Judicial Budget Oversight Amendment Advances; Fate of Intermediate Court Bill Uncertain

After clearing the House Finance Committee earlier in the week, (SJR 3), which would amend the state constitution to give the Legislature oversight of the judiciary’s budget was taken up and passed by the House Judiciary Committee. However, unlike previous committees that have considered and discussed SJR 3, the Judiciary Committee scrutinized the proposed amendment and the practicality of language added by the Senate to address concerns about retaliation by the Legislature against the judiciary if the Court rules against the Legislature in a case.

As passed by the Senate the proposed constitutional amendment said that “the Legislature may not make any law that conditions the increase or decrease of [the budget of] the judiciary upon a particular ruling, order, or decision of a court of this state.” While this may have been well intentioned, the House Judiciary Committee recognized that in practice it did nothing to insulate the judiciary from politically motivated attacks, and that it would be very difficult, if not impossible, to challenge future cuts to the judiciary’s budget on such grounds unless the Legislature was explicit in its intentions.

As a result, instead of accepting the proposed amendment passed by the Senate, the Committee adopted an amendment proposed by Delegate Chad Lovejoy (D-Cabell) to include a procedural safeguard of requiring a super-majority (two-thirds) vote of the Legislature to reduce the judiciary’s budget by more than ten percent from the previous fiscal year.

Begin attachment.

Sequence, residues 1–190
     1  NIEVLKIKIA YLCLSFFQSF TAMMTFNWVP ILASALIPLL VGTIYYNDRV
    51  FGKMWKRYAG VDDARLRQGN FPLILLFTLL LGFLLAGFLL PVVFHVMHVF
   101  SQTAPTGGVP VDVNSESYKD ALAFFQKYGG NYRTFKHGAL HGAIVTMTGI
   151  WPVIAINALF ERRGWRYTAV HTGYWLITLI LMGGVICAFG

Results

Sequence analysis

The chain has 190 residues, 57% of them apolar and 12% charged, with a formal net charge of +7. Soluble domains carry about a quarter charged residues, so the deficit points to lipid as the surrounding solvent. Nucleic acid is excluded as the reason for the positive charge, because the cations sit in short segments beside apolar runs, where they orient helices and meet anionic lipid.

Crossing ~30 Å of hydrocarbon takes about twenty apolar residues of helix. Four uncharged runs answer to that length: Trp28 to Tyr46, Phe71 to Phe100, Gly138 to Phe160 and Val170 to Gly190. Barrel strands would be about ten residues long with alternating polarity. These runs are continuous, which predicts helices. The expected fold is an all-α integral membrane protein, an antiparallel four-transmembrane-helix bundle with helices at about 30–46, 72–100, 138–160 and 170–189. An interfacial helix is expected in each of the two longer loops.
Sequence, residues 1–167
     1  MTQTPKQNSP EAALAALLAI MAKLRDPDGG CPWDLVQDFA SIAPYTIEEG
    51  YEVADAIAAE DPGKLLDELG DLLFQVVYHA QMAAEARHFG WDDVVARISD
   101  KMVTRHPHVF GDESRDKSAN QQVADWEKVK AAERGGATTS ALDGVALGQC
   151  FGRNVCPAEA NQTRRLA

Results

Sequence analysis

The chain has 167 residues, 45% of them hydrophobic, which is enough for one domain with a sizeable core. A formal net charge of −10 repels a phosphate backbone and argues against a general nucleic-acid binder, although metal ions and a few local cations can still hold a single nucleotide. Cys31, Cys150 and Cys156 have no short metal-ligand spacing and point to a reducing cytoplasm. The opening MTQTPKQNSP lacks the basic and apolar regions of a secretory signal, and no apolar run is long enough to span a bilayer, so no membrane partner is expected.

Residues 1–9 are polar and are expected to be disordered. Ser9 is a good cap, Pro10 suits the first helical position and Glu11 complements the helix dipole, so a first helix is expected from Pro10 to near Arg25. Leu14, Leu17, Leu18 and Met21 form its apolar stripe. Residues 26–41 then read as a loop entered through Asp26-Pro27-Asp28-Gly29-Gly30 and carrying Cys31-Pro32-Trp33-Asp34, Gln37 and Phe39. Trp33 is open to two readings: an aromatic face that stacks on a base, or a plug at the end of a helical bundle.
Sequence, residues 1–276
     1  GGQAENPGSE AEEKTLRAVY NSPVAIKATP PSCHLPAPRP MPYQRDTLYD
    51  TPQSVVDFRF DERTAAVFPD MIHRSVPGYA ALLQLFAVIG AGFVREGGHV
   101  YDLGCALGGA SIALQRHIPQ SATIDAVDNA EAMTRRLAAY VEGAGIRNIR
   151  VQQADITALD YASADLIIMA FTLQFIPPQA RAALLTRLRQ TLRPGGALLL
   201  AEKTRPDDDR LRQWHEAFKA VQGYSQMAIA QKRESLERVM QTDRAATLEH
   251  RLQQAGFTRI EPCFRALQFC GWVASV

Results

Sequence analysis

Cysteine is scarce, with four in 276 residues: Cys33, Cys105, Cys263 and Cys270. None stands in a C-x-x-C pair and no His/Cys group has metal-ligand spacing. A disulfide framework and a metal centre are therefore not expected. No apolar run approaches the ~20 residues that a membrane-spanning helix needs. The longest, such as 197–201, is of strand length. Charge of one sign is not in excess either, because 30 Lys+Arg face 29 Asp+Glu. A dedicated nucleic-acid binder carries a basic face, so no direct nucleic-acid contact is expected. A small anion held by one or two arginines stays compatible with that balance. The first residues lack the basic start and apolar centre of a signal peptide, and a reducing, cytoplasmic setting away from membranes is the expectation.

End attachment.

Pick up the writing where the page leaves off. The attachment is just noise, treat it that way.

Although a number of legislators have expressed concerns about this proposed take over of the judiciary’s budget, most are finding it difficult to challenge in light of the recent spending scandal involving, which has highlighted extravagant renovations to the private chambers of the Supreme Court justices. While some level is oversight is warrented in light of these revelations, the changes made by the House will help discourage retaliation and protect the balance of powers between the legislative and judicial branches should the proposed amendment be approved by the voters.

SJR 3 now goes to the House floor for a vote, while the fate of another proposal that could dramatically reshape the judicial system in West Virginia remains uncertain. SB 341 would establish an intermediate court of appeals between the level of circuit court and the state Supreme Court to hear civil appeals, appeals of workers’ compensation claims, abuse and neglect cases and some other administrative appeals. This bill must clear both the House Judiciary and Finance Committees before Wednesday, which is a heavy lift but still possible.

However, the judiciary’s current case load doesn’t justify the creation of a new court that could cost West Virginia up to $10 million per year, and would only drag out cases that would end up in the Supreme Court anyway, to the advantage of parties with greater financial resources.

The U.S. Chamber Institute of Legal Reform is perhaps the proposal’s biggest supporter. Why? To delay justice for West Virginia small businesses, consumers and workers.

Hopefully, we can delay this irresponsible proposal instead. Click here to tell your legislators that they should be doing what’s best for West Virginia instead of catering to out-of-state, millionaire CEOs. Tell them not to waste millions on an intermediate court we don’t need, and vote NO on SB 341.

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